Who cares about Capri? That’s what I was thinking when we were planning our 3-week trip to Italy back in 2008. What I knew of it was that it was a Mediterranean hoity-toity haunt for the rich. Maseratis, casinos and Lifestyles of the Rich and Famous, right?
“Mariah Carey has a house there,” my wife added. Thanks … all the more reason to keep my distance. We had other priorities: Positano, Sorrento, Matera, Puglia, Rome, Umbria, Tuscany…it was already a long list.
So when we rolled into Sorrento at the start of the trip — at the end of what my wife and I will forever refer to as The Longest Day in Human History: an 8am departure from Denver, an overnight flight from Philly, a rental car debacle in Rome, a two-hour train ride to Naples, a transfer to Sorrento on the stop-every-50-feet Circumvesuviana, a two-mile hike uphill to the hotel — Capri was not on the agenda. It wasn’t even close to creeping onto the agenda.
And yet within an hour at the Hotel Minervetta in Sorrento, we were decompressed. The boats in the Bay of Naples bobbed like sleeping ducks. Mt. Vesuvius crowned the horizon, looking like it had been in a good mood for a few decades. Authentic Campagna-style pizza and red wine filled our bellies. This corner of Italy was pretty damn special. Maybe we should see as much of it as we could.
A few days later, we left Positano and the Amalfi Coast so that we could take the afternoon ferry ride to the mystical island that gave us caprese salad and short pants. We had three hours — not much time — but upon pulling into the harbor, we knew this excursion would be worth it. Chalky cliffs rose in all directions, and a pastel village with a humble expression on its face hugged a low, green saddle that separated the island’s two peaks.
We beat feet to the depot and took the second hair-raising bus ride of the day: the precipitous journey from Capri to Anacapri, a landlocked town located high on the island’s rocky shoulder. The bus was standing room only, filled with — surprisingly — a lot of locals. Below us lay a sea whose color can only be described as cerulean. Between us? Air and vertical rock. Not much else.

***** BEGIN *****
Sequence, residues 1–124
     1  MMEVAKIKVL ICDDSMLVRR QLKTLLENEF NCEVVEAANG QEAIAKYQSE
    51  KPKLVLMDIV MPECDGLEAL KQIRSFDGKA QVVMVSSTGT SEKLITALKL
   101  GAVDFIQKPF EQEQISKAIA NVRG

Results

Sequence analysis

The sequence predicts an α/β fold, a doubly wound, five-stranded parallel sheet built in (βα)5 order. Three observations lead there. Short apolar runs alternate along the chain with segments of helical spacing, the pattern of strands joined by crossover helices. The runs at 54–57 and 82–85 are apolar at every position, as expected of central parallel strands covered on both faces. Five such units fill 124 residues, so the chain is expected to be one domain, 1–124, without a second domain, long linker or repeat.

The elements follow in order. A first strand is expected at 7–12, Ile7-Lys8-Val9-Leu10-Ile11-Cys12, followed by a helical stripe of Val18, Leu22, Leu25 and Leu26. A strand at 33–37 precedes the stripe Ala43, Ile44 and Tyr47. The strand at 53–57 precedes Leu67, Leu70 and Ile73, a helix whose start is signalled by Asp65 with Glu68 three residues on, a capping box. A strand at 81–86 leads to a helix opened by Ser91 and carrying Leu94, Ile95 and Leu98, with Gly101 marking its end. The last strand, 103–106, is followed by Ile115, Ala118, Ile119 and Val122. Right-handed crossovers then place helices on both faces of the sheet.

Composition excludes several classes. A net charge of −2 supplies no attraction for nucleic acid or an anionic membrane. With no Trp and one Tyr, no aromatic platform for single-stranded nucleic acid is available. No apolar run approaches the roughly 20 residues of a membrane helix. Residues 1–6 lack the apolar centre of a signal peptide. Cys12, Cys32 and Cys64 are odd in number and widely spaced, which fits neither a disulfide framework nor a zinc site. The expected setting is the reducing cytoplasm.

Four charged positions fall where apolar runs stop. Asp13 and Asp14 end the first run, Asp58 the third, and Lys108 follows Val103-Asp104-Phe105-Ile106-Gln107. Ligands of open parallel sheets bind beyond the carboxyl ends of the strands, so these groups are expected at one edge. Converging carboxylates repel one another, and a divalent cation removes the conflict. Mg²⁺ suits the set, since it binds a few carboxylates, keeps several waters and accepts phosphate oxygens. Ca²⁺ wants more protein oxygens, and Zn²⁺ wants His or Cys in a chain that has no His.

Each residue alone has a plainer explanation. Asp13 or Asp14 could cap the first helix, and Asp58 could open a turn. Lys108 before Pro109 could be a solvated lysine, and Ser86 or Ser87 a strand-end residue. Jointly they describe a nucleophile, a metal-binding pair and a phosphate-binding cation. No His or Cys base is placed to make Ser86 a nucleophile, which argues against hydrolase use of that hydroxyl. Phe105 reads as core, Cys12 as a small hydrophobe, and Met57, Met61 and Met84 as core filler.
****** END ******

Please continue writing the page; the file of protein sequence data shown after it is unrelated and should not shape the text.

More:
Anacapri was pleasantly sleepy and clearly removed from the outside world. It’s town alleys ensconced us in white wash, and our feet tripped here and there on uneven pavers. With the exception of the school kids who skipped and sprinted around the piazza, the town was largely silent. We giggled at yet another Amalfi Coast restaurant named “Il Saraceno,” had ourselves some gelato, took fashionable pics of each other leaning stylistically against white walls (ahh, the days before kids), and then boarded the Dare Devil Bus to catch our ferry.
We missed a lot on Capri: the Blue Grotto, the Faraglioni sea stacks, P. Diddy and his yacht… But that was perfectly fine with me. For an island that has such a larger-than-life reputation, it’s quite small, and yet we still found a corner where local life felt like … well, local life as you see it elsewhere around Italy. For a blitzkrieg three-hours of observation, we got a pretty good sense for the place.
What prompted this post? Steve Jobs.
“Oh c’mon!” you must be saying. “If I read another tribute to that guy, I’m gonna——”
I should say that one of Jobs’ most unsuccessful products, one of his “biggest failures” — Apple TV — is prompting this post. We bought one of these devices back in July so that we could run slideshows of our travel photography on our TV. For under $100, its been worth it, and so I’m going back through the archives, and retouching photo sets for the upstairs boob tube.
Is this blog timely? No, not always. So what. The whole reason to take pictures is to capture a story so that you can retell it forever.